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Life is short; start forgiving, making amends, pope tells priests

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IMAGE: CNS/L’Osservatore Romano

By Carol Glatz

VATICAN CITY (CNS) — Mercy recognizes that life is short and that so much good needs to be done that there is no time to waste in making amends, Pope Francis told priests.

“That is why it is so important to forgive completely” and let go of paralyzing self-pity so mercy can get “its hands dirty” and make reparation for the wrongs committed, he said in a retreat for clergy.

Mercy does not overlook the harm caused by sin, “rather it takes away evil’s power over the future. It takes away its power over life.”

To help priests and seminarians better understand the proper role mercy must play in their lives and ministry, Pope Francis led thousands of men on a spiritual retreat in Rome. The aim, he said, was for priests to be ready to receive mercy in order to show it even more.

Over the course of the day June 2, the pope led three separate meditations — each nearly an hour long — in three of Rome’s four basilicas: St. John Lateran, St. Mary Major and St. Paul Outside the Walls. Live video links let clergy follow the readings and reflections from different locations.

Introducing how his Ignatian-inspired spiritual exercises would work, the Jesuit pope apologized for “the family endorsement.” He said guiding personal prayer with Ignatian spirituality allows people “to feel and savor the things of God” deep within themselves. Action and conversion are spurred, he said, by first feeling and being moved by what God is saying or showing.

Sitting behind a simple wooden desk, supplied with a small bottle of water and a glass, the pope presented his first meditation in St. John Lateran, which hosted Rome diocesan and religious priests and seminarians and those working in the Roman Curia.

Through the use of many vivid examples and personal, colorful anecdotes, Pope Francis said because God’s love and mercy are limitless, priests must ask what barren and parched places are most in need of this life-giving water. “What are the wounds that need this precious balm? What is the sense of abandonment that cries out for loving attention?”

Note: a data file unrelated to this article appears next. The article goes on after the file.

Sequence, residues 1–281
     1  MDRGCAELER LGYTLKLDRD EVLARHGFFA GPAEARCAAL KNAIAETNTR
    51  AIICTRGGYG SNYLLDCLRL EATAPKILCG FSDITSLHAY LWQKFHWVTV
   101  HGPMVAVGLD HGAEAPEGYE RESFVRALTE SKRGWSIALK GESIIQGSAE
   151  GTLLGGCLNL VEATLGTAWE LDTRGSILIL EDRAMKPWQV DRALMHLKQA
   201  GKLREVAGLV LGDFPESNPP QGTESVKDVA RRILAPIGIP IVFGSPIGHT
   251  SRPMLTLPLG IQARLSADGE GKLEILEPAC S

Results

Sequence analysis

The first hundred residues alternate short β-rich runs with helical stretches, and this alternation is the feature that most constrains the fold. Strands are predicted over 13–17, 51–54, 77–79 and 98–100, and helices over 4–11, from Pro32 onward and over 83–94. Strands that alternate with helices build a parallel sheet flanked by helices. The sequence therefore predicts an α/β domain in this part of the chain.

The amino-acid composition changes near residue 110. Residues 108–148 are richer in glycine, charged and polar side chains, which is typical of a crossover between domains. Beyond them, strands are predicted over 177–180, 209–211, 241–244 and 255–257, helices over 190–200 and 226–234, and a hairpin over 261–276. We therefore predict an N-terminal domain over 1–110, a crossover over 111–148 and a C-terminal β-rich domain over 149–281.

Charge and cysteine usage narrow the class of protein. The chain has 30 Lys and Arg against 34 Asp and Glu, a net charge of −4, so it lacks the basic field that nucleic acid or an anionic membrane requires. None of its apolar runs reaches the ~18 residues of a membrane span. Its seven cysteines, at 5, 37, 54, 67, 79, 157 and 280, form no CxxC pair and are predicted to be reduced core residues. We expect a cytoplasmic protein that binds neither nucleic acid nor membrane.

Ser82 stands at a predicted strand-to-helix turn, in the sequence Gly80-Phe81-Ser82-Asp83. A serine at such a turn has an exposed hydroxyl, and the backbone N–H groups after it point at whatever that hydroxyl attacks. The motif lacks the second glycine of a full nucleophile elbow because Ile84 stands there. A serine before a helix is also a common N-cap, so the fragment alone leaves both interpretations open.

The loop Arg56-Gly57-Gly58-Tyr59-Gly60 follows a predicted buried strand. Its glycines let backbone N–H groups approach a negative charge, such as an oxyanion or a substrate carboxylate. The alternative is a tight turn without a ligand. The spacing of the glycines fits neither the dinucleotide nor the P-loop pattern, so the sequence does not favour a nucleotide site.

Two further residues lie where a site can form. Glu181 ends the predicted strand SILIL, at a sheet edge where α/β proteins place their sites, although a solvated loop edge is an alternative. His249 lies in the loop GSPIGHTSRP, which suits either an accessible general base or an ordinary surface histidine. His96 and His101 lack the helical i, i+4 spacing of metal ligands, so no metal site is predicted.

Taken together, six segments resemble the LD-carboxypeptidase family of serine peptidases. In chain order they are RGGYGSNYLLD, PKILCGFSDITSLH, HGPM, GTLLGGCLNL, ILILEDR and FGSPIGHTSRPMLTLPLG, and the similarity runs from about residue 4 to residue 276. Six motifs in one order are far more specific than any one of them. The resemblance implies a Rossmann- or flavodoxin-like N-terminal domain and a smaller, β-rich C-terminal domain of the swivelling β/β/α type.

He explained that moving from estrangement to embrace starts with a clear recognition of one’s own sins and the feeling of shame and embarrassment, which lead to a heartsick sense of “nostalgia,” which compels the straying child to return back to the house of the father.

Referring to the parable of the prodigal son, the pope said when the son returned home, the father restored the young man’s dignity, despite his sinful nature.

The contradictory feeling of shame and embarrassment can hit priests “when the people kiss our hands and we look at our own most intimate miseries and we are honored by the people of God,” he said.

“That is how we have to see ourselves: poised between our utter shame and our sublime dignity;” sinful and selfish, yet cleansed and chosen to feed God’s sheep and multiply his graces.

“Only mercy makes this situation bearable” in keeping the two extremes in balance, he said, and it triggers the desire to make amends.

Speaking off-the-cuff, the pope said priests have to be careful with how they speak and never refer to individual people as “a case.”

“Without realizing it, we might say: ‘I have a case …’ I’m sorry, (but you mean) ‘I have a person …’ And this is very clerical,” he said, admitting “it has even happened to me often.”

Such language separates the pastor from the person so “they don’t touch me and I don’t dirty my hands. And then I do a ‘clean,’ ‘elegant’ pastoral ministry where I don’t risk anything.”

At noon, the pope went to St. Mary Major, where he laid red roses and prayed before the basilica’s famous Marian icon “Salus Populi Romani” (health of the Roman people).

There, Italian priests and seminarians from outside of Rome reflected on turning to Mary for the courage to imitate her. Mary shows people “the only power capable of winning human hearts is the tenderness of God,” Pope Francis said. Mary creates a place that is “inviting, not at all like a tribunal or an office.”

“Unless we can see into people’s suffering and recognize their needs, we will have nothing to offer them,” the pope said.

The pope told the priests that “almost all the great saints were great sinners” or they had the humility to see “it was by sheer grace” that they avoided the worst of sins.

At the Basilica of St. Paul’s Outside the Walls, Pope Francis said caring for the poor and the sick is the hallmark of the church.

When it comes to the poor, the church has “always followed the promptings of the Spirit.” He said the people can forgive a priest’s sins “except that of attachment to money.”

“This does not have so much to do with money itself, but the fact that money makes us lose the treasure of mercy. Our people can sniff out which sins are truly grave for a priest, the sins that kill his ministry because they turn him into a bureaucrat or, even worse, a mercenary,” he said.

The pope emphasized that in the confessional, a priest can be an instrument that allows people to have a genuine experience of “God’s merciful love for the sinner.” He also advised them to learn from good confessors, who help penitents amend their ways and who are gentle with sinners, without acting like “a bureaucrat or a judge” who only “sees ‘cases’ to be dealt with.”

“This is the key to our judgment: that we treat others with dignity, that we don’t demean or mistreat them, that we help raise them up and that we never forget that the Lord is using us, weak as we are, as his instruments,” he said.

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Contributing to this story was Junno Arocho.


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